North Valley Food Bank Kicks Off Food Drive Amid Increased Demand

In 2019 the food bank moved 390,000 pounds of food for distribution. In 2021, that number rose to 1.1 million pounds.

By Mike Kordenbrock
Canned food sits on shelves at the North Valley Food Bank in Whitefish on Oct. 4, 2019. Beacon file photo

As it kicks off its biggest food drive of the year, the North Valley Food Bank in Whitefish is continuing to report an increased demand for food and other necessities.

The food bank typically sees an uptick during the holidays followed by decreased demand in January.

“We really aren’t seeing that. This year our numbers remain high,” said Sophie Albert, the executive director for the food bank. Based on her conversations with other food banks in the area, Albert said that NVFB is not alone in seeing demand remain high.

NVFB is continuing to serve between 750 and 800 people a week, which is up from  550-650 people in 2020 and 300 to 350 people in 2019. To further put the increased demand in perspective, Albert shared the total weight of food moved to meet demand. In 2019, the food bank distributed 390,000 pounds of food to meet demand. In 2020 that increased to 629,155 pounds. In 2021, it was 1.1 million pounds.

The growth in demand is a cause for concern at the food bank, but Albert said they haven’t had to turn people away. In some instances they’ve been unable to provide requested items, and instead have had to turn to alternatives. A typical box from the food bank includes a week’s worth of groceries for a family. The size of the boxes is dependent on the size of the family, and a typical box includes non-perishable food items, as well as milk and meat. The food bank also picks up produce boxes from the Montana Food Bank Network in Missoula.

Part of the concern from the food bank is related to supply chain issues that grocery stores have been dealing with. Albert said that those issues have a compounding effect on the food bank because it lessens the amount of donations the food bank receives directly from grocery stores. In what Albert called “rescue pick-up,” the food bank visits grocery stores every morning to collect items nearing expiration. With lower donations from grocery stores, the food bank is more dependent on monetary contributions and public donations.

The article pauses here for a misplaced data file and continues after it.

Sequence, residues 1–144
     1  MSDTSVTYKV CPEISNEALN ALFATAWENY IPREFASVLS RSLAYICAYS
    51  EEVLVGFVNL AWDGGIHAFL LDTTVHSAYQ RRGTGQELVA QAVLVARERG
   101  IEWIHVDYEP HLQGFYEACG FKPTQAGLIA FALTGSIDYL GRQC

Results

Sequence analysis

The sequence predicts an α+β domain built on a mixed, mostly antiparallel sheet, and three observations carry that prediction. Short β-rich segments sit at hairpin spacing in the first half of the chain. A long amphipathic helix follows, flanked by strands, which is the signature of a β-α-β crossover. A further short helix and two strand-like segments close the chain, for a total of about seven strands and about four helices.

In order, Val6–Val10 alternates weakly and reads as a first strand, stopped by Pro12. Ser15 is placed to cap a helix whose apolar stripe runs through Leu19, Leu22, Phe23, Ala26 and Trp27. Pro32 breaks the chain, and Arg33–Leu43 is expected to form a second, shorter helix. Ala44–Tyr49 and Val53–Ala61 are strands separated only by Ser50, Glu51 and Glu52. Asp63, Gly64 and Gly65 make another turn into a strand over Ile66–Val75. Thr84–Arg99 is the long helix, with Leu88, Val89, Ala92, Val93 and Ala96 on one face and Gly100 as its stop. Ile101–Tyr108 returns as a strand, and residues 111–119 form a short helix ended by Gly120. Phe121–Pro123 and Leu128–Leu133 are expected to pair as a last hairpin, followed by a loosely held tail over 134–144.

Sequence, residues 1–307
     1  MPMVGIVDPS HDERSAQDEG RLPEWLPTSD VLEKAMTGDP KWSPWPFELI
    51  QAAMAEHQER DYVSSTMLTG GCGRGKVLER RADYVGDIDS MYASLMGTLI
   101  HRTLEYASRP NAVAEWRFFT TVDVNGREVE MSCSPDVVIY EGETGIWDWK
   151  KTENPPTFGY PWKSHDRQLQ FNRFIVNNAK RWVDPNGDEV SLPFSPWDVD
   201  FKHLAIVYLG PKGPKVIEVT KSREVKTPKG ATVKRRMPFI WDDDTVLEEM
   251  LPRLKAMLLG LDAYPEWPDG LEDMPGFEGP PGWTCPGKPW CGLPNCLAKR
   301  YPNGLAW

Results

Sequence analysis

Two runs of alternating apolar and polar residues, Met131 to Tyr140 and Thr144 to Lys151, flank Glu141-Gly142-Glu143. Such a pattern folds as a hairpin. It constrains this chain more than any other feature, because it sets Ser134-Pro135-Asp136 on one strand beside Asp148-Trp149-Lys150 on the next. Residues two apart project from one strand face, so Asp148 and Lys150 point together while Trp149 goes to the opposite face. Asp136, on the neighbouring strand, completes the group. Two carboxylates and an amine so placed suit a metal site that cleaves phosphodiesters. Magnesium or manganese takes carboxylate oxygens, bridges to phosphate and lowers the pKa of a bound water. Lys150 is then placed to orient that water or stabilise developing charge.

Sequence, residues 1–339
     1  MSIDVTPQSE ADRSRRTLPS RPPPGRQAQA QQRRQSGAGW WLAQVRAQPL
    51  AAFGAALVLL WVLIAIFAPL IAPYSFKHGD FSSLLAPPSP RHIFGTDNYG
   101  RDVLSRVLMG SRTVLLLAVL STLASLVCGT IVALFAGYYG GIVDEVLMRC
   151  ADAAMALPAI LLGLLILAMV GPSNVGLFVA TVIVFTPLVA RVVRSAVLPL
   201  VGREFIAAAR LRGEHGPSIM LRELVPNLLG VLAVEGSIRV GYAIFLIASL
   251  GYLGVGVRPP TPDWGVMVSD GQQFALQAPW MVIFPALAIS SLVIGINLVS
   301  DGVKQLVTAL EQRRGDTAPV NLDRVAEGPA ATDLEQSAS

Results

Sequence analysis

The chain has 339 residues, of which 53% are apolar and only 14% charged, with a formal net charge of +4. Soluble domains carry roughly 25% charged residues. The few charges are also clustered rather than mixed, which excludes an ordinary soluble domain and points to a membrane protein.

As for what’s driving the heightened demand, Albert put forward several possible factors, the first being another wave of disease sweeping through the community as the omicron variant of COVID-19 spreads. From the food bank’s perspective it means that people are losing out on working hours. COVID-19 can cut into working hours due to illness, exposure quarantine, isolation, or increased caregiving needs. It has also created problems with food distribution times at the food bank, and Albert said there is a need for more volunteers.

Inflation, the rising cost of groceries, and increased gas prices have also sent a greater number of people in search of assistance from the food bank, according to Albert. She added that housing prices in the Flathead Valley are also putting more people in a situation where they need food-bank assistance.

NVFB doesn’t have eligibility requirements for people to receive a food box, and Albert said it’s a no judgment situation. “We do not ask for any income verification. We have a very simple intake form that asks for some general demographic information,” she said. “Food is a basic need. For somebody to go hungry to bed at night is really a struggle. We’re seeing a lot of our neighbors. That’s why we try to be welcoming, and kind and offer other resources.”

The NVFB’s FEED LOVE food drive starts on Feb. 1 and continues through Feb. 14. The drive is aimed at drumming up people’s winter favorites in the form of non-perishable, hardy foods like soups, stews, pasta and peanut butter. Additionally, the FEED LOVE food drive is also a fundraiser, and people can make monetary donations.

A donation of $100 can pay for a week’s worth of groceries for a family of between three and four people, according to Albert.

“This is especially important right now,” she said. “We’re spending more money on our purchased food and currently we also need to purchase more food due to supply chain issues and less donations.”

Alongside its distribution in Whitefish, NVFB also has mobile pantries in Trego, Olney and Essex, offers senior deliveries, and also transports food through a pantry delivery program that connects the food bank to rural pantries in Browning, the Yaak, Libby, Troy and Eureka.

Last year the food bank brought in 5,000 pounds of food and $20,000 in donations from FEED LOVE. The food bank has a large collection box outside, and also has 27 locations around Whitefish where people can drop off donations. Those locations are marked by a FEED LOVE sign, and include grocery stores, restaurants and cafes.